President Buhari may invoke the doctrine on the grounds that all efforts made to ensure that the National Assembly approves the $496 million so as to meet the deadline imposed by American government, failed to yielded deserved result. But this was never the case. The National Assembly was deliberately ignored only to ask the same Assembly to insert money already spent into a bill. As rightly opined by the Senate President, Bukola Saraki during plenary, there was sufficient time for President Buhari through his Senior Special Assistant on National Assembly Matters to deliver the letter requesting for the urgent approval of the money in question before it was illegally spent. The distance between the National Assembly and the Presidency cum Aso Rock Villa is less than 45 minutes, traffic inclusive. Police escorts from the Presidency will make the journey even faster. But Mr President deemed it fit to ignore the National Assembly in this matter. Buhari Must be told that 'he who goes to equity must come with clean hands.' His action and inaction amounts to reckless breach of the 1999 constitution and must resign or be removed. From September to February is exactly six months, a period more than enough for the National Assembly to deal with such emergency situation considering the fact that insecurity has become the major problem bedevilling the nation. But alas, Buhari deliberately refused to involve the federal lawmakers.

The learned silk, Festus Keyamo, is one of the best brains not only at the Bar but in dealing with national issues and more importantly his roles in nation building. He had solid legal mentorship from one of the best legal luminaries, Chief Gani Fawehimi of blessed memory. Not only did Keyamo earn accolades from Nigerians in time past due to his proactive roles in human rights activism, he fought for the enthronement of democracy in Nigeria. But strangely, partisan politics that is about to strip the SAN of his hard earned integrity. Keyamo must be told that the Buhari administration has failed Nigerians woefully. For Keyamo to face television cameras in bright jackets to cajole Nigerians, trying to do the job Alhaji Lai Mohammed is avoiding, is to say the least very sad and unfortunate for an inner bar member of his status. The doctrine of necessity that was allegedly invoked by President Buhari as presented by Keyamo constitutes a disservice on his part to the people of Nigeria; a deliberate attempt for a Senior Advocate of Nigeria to aid the executive arm of government in violating the 1999 Constitution. Keyamo is aware that President Buhari can only invoke the doctrine of necessity as a state actor after all genuine efforts made by the executive arm of government failed to yield the desired results.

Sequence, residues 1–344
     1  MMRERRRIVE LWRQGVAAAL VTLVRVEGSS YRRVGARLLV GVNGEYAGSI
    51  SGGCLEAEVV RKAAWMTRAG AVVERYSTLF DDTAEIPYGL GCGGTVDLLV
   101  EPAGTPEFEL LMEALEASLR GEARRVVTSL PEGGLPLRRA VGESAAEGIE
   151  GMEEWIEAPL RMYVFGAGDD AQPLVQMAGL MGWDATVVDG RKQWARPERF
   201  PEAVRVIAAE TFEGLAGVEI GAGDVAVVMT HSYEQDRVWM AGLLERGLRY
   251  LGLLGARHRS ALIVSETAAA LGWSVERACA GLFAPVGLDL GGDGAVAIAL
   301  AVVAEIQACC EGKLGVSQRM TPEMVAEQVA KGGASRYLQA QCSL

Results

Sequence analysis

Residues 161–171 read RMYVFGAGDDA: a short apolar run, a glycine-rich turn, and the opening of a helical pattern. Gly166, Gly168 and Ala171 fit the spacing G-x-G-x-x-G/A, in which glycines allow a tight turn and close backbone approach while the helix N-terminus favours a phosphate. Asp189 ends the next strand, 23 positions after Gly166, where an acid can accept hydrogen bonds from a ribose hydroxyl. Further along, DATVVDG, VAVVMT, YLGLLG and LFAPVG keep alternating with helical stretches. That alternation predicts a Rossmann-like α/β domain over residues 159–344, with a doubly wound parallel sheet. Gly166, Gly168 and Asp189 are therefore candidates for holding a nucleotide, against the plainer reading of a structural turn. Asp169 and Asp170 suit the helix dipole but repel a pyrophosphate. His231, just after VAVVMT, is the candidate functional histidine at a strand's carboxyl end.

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Publication:Nigerian Tribune (Oyo State, Nigeria)
Geographic Code:6NIGR
Date:May 8, 2018